10:08--Big money: Ferguson spent $71,500 with CDG alone, according to Murray, on the refurbishing of his offices.
10:03--"Chillin' pad:" A conference area in Ferguson's office was scrapped, Murray said, in place of a "chillin' area" where friends could visit, lounge around and watch television. Built, the government alleges, with state money.
9:58--Fancy digs: Using a laser pointer, Murray is showing jurors how his company refurbished Ferguson's offices by pointing to a blown up blueprint of his work. Marble and wood were used throughout the building and chairs were upholstered, Murray said. Inside Ferguson's private office? A marble entranceway, hardwood floors and spiral metal staircase that leads you to a small loft.
9:46--Witness 2: Bob Murray, president of Contract Design Group (CDG) in Royal Oak, is testifying. Murray says Ferguson spoke with him early on many years ago about refurbishing his offices in Detroit.
9:38--Why this matters: The line of questioning here, and how it's significant, may not be very clear. Here's why it matters: the feds have alleged that Ferguson used this $250,000 grant money, at least in part, to spruce up his own offices, rather than use the money for the ways he promised the state he would. State officials asked for "back up" documents to prove to them that Ferguson used the money in the right way. If he indeed created and then submitted a fake invoice to the state, this could be big trouble for him, and might suggest that he had something to hide.
9:36--Big building: Van Dusen asked Boettcher if he has ever been to Ferguson enterprises. He said he has been twice, but didn't see the entire building. Van Dusen used that answer to suggest that maybe the Detroit 3D offices were somewhere inside the 8,000 square foot building, and that the state money really did go to the right place after all.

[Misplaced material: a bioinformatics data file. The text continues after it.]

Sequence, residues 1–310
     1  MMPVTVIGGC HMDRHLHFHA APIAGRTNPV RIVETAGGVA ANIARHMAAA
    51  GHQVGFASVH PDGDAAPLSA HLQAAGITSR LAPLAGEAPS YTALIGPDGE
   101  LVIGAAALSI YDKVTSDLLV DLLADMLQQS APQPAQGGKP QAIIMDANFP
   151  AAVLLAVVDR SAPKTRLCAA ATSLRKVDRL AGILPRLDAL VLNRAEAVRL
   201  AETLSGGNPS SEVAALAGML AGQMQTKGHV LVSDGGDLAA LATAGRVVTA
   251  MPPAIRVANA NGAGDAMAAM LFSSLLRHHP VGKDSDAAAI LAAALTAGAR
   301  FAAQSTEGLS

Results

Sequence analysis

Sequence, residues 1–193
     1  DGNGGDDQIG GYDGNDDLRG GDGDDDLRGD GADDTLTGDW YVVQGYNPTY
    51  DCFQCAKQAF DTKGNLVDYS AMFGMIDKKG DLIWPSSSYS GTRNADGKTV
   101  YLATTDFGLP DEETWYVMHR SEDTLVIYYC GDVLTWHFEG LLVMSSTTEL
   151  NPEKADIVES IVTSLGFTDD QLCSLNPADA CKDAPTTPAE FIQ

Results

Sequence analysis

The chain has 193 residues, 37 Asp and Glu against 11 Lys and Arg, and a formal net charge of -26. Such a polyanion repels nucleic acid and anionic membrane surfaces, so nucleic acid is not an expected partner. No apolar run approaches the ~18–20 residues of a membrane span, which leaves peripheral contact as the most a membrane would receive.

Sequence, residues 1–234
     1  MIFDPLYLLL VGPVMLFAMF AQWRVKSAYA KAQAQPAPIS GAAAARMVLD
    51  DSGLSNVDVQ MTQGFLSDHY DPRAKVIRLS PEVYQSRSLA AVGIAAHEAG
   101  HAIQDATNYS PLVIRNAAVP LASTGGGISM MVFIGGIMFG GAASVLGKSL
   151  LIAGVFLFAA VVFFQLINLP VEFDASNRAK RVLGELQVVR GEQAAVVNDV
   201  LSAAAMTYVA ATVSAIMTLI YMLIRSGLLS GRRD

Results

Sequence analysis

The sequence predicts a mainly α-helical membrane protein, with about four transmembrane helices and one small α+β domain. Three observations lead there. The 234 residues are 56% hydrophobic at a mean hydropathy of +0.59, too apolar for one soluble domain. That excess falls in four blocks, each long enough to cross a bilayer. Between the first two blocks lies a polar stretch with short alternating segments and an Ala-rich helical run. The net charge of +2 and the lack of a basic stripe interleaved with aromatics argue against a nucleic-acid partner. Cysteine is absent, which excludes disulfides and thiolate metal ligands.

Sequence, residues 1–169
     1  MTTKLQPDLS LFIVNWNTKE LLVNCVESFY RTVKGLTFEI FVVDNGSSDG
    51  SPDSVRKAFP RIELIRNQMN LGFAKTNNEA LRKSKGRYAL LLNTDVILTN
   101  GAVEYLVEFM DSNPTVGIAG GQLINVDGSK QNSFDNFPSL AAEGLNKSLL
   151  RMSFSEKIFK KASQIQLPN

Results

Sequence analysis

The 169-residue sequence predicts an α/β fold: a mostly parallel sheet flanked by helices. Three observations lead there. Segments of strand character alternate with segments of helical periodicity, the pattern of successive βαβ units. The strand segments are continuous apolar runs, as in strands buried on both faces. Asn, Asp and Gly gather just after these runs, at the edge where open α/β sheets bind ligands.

9:35--Invoices very similar: Van Dusen compared the description of work on both invoices, and Boettcher acknowledged that they're the same. The unanswered questions: why would Ferguson (or someone else) create a second invoice that said the work was being done for his non-profit, and not for Ferguson?
9:27--Defense's turn: Ferguson lawyer Susan Van Dusen is up now to cross-examine Boettcher, and she has her work cut out for her. Through Boettcher's testimony, the US Attorney has just alleged that Ferguson created and then submitted false invoices to the state to justify a $250,000 grant courtesy of the taxpayers.
9:22--False invoices? Shown a copy of a purported AirTec invoice submitted by Bobby Ferguson for his non-profit fund, Boettcher said it was not an AirTec invoice. In fact, he has a copy of what he says is the actual invoice for the work his company performed for Bobby Ferguson, and they have significant differences.
In Boettcher's invoice, it lists "Ferguson Enterprises" as the client. In the invoice submitted to the state of Michigan by Ferguson, the client is listed as Ferguson's non-profit, Detroit 3D. Boettcher's invoice describes the work as "NEW OFFICE" and lists "BOBBY FERGUSON" as the client, while the invoice submitted by Ferguson lists his name nowhere.
Boettcher says he's never heard of Detroit 3D.
9:06--First witness: The government's first witness is Chris Boettcher, president of AirTec, a company that Bobby Ferguson used to refurbish some of his offices.
9:00--Say a little prayer: With his hands folded at the table and his head bowed, Kwame Kilpatrick prayed at the defense table as his lawyers and co-defendants stand around him. His prayer lasted at least two minutes, so perhaps it wasn't that little. But when you're facing 38 criminal charges, little prayers just might not do the trick.
8:54--Welcome back: Thanks for coming back to WXYZ.com as we continue to live blog all the details to come out of federal court. So far, the only defendant missing from the defense table is Bobby Ferguson.
The courtroom is far from packed, with most rows either empty or holding just a couple of people. If you're interested in watching the proceedings yourself, there's still plenty of room for you.